It gets worse when broken down by ethnicity and socio-demographic location, as the report shows.

Finally, our MC for the evening, Dr Nikki Turner, spoke about the chapter on Child Health and Poverty. This included some very grim facts for those who understood the epidemiological areas she discussed, and was sufficient to remind me of moments in the lives of my own children when access to medical care was precarious – although, being white, educated and slightly better housed when I was on the DPB, my children were not at great peril; not like the pre-schoolers who are admitted each winter to hospitals in Auckland with bronchiolitis, pneumonia, and other infectious conditions that become severe due to the cost or unavailability of access to a GP early in the illness. The figures for maaori and pasifika children are again much worse than those for paakeha children in the same demographic.

There was a brief question time before we broke for refreshments; Labour Deputy Annette King spoke briefly, as did the Green’s co-leader Russel Norman and the Maaori Party’s Rahui Katene in return, completing the round-up of influences at play on the night.
I did spot Brian Easton, whom I was not exactly surprised to see there, but I must say pleased to notice; and our hard-working new Wellington Central candidate James Shaw was also in evidence, networking afterwards with a policy analyst who shall remain nameless, as I went around catching up with my connections from the now-defunct Gender and Women’s Studies School, who were out in force to support CPAG on the night.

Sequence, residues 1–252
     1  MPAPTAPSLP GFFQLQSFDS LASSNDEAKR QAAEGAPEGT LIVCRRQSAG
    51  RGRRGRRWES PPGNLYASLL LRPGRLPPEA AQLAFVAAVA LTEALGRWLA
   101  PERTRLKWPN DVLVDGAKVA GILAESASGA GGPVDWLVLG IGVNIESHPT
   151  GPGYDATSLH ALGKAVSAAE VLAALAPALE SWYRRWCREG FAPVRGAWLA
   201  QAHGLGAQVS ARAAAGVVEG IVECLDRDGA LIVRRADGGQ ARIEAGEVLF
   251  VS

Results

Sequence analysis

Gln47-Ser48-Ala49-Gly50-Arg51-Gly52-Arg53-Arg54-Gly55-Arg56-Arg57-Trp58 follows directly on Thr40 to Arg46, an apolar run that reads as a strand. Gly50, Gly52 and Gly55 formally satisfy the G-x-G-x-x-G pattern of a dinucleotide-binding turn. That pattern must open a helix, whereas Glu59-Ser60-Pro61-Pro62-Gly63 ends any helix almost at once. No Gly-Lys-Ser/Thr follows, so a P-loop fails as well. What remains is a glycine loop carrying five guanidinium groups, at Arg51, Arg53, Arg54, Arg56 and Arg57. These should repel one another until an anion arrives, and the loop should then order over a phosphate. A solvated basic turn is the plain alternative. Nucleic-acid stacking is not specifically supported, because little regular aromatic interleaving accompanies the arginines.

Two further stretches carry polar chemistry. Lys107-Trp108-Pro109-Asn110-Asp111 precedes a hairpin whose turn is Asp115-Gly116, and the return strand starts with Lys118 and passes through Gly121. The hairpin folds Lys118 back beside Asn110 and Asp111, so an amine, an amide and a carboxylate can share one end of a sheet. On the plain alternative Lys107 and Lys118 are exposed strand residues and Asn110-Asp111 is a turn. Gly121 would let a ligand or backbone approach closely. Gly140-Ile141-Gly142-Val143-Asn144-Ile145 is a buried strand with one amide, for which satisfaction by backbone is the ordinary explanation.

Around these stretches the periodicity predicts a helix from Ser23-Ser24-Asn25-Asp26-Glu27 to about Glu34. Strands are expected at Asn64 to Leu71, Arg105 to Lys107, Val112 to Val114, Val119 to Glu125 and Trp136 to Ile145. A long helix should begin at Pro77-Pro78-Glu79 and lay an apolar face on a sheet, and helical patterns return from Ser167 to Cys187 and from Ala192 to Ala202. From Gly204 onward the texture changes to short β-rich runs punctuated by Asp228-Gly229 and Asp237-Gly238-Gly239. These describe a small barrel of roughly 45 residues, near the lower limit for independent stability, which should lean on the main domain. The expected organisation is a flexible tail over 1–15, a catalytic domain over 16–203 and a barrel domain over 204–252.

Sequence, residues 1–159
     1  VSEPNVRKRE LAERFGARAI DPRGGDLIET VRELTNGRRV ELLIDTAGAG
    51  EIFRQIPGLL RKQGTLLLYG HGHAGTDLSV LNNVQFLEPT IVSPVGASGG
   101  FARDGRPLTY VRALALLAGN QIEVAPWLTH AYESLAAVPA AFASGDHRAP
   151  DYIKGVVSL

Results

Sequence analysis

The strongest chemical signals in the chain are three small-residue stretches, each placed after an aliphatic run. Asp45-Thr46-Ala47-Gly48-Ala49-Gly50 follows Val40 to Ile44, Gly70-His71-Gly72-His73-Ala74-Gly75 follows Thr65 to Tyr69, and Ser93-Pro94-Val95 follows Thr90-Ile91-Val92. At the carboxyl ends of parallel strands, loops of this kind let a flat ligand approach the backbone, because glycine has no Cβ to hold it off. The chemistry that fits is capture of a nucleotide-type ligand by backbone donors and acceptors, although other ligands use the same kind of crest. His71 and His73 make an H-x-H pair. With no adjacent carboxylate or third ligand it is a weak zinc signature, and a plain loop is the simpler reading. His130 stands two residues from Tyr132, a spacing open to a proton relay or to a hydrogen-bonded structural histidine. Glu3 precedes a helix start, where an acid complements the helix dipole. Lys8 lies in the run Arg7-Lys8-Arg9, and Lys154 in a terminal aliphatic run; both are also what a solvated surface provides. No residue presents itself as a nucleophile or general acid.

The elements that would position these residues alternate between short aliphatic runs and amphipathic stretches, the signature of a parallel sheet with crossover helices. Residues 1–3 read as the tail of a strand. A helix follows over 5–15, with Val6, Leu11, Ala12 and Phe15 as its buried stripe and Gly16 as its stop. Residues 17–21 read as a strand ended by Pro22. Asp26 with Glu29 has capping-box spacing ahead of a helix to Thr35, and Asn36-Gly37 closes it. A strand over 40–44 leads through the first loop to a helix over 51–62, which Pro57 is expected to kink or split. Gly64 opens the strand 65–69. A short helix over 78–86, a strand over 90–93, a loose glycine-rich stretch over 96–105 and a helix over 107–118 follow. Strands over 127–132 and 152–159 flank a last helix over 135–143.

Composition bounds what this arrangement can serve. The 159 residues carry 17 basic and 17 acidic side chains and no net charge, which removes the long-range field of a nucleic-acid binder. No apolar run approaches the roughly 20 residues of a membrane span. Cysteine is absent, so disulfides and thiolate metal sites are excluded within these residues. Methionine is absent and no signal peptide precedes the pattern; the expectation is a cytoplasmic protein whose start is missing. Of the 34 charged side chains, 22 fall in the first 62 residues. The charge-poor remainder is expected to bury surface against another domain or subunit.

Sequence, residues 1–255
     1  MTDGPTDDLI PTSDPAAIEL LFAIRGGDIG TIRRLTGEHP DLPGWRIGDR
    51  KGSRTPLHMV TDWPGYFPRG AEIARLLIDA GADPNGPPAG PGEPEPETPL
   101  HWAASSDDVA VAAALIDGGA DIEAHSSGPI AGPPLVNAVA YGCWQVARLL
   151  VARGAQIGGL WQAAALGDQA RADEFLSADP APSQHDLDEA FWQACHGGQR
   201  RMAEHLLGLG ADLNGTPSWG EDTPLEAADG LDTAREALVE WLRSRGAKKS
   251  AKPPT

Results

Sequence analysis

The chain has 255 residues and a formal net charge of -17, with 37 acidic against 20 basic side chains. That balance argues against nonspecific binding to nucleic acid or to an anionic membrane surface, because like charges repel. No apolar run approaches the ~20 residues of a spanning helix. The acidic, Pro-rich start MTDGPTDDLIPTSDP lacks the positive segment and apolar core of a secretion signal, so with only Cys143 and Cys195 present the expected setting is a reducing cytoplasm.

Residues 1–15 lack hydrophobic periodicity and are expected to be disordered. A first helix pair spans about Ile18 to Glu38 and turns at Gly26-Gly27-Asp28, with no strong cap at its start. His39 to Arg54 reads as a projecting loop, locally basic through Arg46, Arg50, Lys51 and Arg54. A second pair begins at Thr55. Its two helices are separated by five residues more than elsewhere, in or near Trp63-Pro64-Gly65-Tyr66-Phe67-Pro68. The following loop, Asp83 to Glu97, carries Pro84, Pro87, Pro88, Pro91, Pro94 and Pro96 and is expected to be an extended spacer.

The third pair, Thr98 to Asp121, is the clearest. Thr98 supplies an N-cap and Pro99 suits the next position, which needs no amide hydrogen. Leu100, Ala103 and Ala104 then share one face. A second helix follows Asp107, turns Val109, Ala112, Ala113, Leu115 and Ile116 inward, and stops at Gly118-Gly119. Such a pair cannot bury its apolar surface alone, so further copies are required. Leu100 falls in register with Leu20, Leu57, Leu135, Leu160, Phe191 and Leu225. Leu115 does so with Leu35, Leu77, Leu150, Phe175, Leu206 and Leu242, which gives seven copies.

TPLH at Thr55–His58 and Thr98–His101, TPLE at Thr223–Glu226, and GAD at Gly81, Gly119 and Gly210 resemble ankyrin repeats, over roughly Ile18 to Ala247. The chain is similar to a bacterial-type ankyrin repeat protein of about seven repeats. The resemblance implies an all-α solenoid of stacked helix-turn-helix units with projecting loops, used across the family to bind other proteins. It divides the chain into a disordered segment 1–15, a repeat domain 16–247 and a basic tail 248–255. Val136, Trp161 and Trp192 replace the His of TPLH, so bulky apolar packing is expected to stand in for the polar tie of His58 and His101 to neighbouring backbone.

Eradicating Ecocide – the Tour

Status

Polly Higgins is a lawyer who has dedicated her life to one client – the Earth.

A barrister and author, Polly has become an expert in Earth Law, a new body of governance to give voice to the Earth.

She speaks on all aspects of governance required for the new world, a world governed by a new set of values – values that put people and planet over profit.

Her recent book, ‘Eradicating Ecocide – Laws and Governance to Prevent the Destruction of our Planet’ won The People’s Book Prize and was a nominee for both the Book Of The Year Award and the Beryl Bainbridge Prize.

Polly spoke today in Wellington to a lunchtime crowd, as part of her speaking tour organised by Wellington Central Green party candidate James Shaw. Her presentation is compelling, comparing the development of the definition of the crime of ‘ecocide’ to the post-WWII development of the crime of ‘genocide’ in respond to the crimes of Nazi Germany.

She clearly laid out the legal definitions involved, and spoke about several well-known cases of gross environmental damage that have been caused by corporate activity, from the Exxon Valdez spill through to the most recent BP oil spill in the Gulf of Mexico.